One in five headteachers sped up retirement plans this year, survey finds

Survey shows that the impact of the last year may take its toll on the sector as many experienced teachers and headteachers decide to retire earlier than expected

A new survey suggests the pressure exerted on headteachers in England during the Covid-19 pandemic has forced one in five to accelerate their retirement plans – and one in 12 plan to depart before the end of next year.

Although the figures are self-reported and are not a weighted sample, if accurate, they suggest an exodus of senior leaders may be on the horizon. The findings do not separate between state and independent sectors – but professionals from both sectors took part.

TeacherTapp asked 5,598 teachers in England about their retirement plans in April 2021 for Wesleyan, the specialist financial services mutual for teachers. 

Just over one in five (21%) headteachers at schools in England have accelerated their retirement plans over the past 12 months. Nearly one in 10 (8%) plan to depart before the end of next year.

A similar pattern is apparent among the most experienced staff: the survey found that almost a fifth (19%) of teachers with more than 20 years of experience plan to leave the classroom early. Those who have changed their plans most commonly cite a lack of work-life balance (83%), workload (72%) and stress (70%) as their biggest drivers for earlier retirement. 

Wesleyan said it was concerned that, of those planning to retire earlier than expected, 28% of the most experienced teaching staff and 21% of headteachers admitted they were not confident at all about their financial preparations.

Simon Rake, head of the teachers division at Wesleyan, said: “Considering the stresses headteachers have faced it’s not surprising many are reconsidering retirement.

“Some will find themselves between a rock and a hard place – deciding whether to risk retiring earlier without understanding how they will access the money they need or continuing to work in conditions that are taking a toll on their mental health.”

It is essential that teachers take the time to assess their own finances, understand what options they have available and put a plan in place so that they are in the strongest possible position when the day eventually comes Simon Rake, Wesleyan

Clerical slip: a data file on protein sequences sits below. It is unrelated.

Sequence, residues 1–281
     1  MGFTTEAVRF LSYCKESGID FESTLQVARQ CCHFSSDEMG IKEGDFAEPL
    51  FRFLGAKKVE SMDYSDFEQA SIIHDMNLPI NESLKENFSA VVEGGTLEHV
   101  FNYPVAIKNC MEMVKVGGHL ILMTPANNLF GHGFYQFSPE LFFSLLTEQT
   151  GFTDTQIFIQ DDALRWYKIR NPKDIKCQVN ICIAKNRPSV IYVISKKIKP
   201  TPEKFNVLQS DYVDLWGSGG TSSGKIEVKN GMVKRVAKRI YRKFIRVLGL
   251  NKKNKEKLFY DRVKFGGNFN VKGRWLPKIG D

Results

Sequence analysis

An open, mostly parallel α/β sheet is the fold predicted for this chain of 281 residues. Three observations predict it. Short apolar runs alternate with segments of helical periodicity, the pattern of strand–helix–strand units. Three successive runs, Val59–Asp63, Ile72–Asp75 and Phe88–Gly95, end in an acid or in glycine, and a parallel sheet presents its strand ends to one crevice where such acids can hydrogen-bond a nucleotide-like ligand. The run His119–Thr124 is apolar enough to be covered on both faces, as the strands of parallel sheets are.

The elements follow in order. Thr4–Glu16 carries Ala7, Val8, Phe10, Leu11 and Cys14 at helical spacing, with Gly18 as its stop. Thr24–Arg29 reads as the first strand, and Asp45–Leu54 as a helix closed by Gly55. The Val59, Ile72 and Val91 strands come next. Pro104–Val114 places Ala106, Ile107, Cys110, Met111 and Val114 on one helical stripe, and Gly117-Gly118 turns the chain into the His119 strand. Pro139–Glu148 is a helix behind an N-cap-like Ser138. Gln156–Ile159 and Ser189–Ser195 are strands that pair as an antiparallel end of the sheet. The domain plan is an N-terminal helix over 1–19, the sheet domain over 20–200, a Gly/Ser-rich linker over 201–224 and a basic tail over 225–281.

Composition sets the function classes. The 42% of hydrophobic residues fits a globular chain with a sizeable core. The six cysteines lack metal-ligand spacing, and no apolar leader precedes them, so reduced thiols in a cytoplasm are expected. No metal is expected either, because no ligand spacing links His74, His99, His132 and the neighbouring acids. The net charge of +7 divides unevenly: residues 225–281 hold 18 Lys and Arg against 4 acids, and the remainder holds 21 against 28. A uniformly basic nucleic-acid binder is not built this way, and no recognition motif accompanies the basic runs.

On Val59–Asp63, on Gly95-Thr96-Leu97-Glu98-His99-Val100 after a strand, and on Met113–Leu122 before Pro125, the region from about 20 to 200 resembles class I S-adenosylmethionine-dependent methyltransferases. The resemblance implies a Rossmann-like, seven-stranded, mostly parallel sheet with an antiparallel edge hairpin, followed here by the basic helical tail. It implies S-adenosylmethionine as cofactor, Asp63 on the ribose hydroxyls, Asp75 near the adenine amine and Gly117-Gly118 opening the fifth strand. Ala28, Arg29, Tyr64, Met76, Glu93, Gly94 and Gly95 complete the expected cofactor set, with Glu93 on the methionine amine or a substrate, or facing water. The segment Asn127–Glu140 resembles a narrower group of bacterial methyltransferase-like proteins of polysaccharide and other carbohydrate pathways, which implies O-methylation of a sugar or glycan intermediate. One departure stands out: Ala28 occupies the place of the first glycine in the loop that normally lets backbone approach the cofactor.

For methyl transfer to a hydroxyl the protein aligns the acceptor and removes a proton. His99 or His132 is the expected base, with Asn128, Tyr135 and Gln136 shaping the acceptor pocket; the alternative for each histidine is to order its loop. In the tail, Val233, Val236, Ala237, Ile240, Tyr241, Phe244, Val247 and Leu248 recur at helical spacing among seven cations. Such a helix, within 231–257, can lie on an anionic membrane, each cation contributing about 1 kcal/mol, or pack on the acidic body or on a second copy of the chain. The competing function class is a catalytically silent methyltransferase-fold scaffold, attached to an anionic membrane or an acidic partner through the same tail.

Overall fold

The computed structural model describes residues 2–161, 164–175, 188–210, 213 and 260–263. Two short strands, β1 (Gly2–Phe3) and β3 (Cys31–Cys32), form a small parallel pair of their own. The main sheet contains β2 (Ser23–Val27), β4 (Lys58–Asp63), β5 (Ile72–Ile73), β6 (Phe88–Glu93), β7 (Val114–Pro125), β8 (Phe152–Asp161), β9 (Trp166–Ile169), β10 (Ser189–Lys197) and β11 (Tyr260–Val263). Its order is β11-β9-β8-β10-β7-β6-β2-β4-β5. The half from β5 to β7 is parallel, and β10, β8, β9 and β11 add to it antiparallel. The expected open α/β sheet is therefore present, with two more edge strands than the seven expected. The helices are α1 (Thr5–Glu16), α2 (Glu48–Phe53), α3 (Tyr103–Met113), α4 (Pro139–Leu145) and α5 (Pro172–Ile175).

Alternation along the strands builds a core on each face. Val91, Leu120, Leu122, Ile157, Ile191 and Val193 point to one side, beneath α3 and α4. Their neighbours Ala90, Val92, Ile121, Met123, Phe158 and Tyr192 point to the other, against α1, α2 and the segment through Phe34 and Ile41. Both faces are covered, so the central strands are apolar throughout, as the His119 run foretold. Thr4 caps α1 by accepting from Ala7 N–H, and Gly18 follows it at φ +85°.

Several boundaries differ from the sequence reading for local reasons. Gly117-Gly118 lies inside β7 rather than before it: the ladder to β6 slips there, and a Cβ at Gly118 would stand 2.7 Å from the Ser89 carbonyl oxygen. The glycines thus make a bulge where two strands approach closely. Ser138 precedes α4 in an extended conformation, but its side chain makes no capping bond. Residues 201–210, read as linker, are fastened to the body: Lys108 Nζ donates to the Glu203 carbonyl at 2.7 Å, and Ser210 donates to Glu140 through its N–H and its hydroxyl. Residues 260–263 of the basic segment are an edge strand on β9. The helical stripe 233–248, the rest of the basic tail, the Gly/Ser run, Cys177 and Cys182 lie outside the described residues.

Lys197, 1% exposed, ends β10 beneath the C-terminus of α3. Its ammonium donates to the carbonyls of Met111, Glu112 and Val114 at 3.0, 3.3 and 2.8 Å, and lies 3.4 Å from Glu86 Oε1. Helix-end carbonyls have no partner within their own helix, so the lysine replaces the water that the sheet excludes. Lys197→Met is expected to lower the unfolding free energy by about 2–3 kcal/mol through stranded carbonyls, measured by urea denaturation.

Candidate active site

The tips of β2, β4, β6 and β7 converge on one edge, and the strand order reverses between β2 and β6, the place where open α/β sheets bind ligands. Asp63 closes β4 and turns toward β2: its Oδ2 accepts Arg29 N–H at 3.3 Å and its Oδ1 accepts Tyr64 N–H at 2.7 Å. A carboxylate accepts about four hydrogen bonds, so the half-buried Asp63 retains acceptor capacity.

Wesleyan said many senior and long-serving staff members were unaware of what ongoing changes to their pension schemes – particularly measures to remedy discrimination in public sector schemes often referred to as the ‘McCloud’ case – would mean for them. The employer contribution rate increased by 43% from September 2019 following the 2016 TPS valuation – and many independent schools are concerned that it could rise further. 

Rake said: “Over the past six years, those in the Teachers’ Pension Scheme (TPS) have seen a move to a career average revalued earnings scheme, the new choices offered by pension freedoms and, more recently, the ongoing changes brought about by the McCloud case. 

“Understanding what each one of these changes will mean for their own pensions is key to being able to retire with confidence.

“Even if they’re not considering early retirement, it is essential that teachers take the time to assess their own finances, understand what options they have available and put a plan in place so that they are in the strongest possible position when the day eventually comes.”

Last September, a freedom of information request revealed the number of independent schools withdrawing from TPS has almost doubled in the six months to September 2020. The increase brings the total number of private schools that have withdrawn to 177. The average pension paid by the TPS has fallen since 1999 from £13,679 a year to £12,337 today. 


Read more: TPS a ‘here and now issue’, says bursars association CEO

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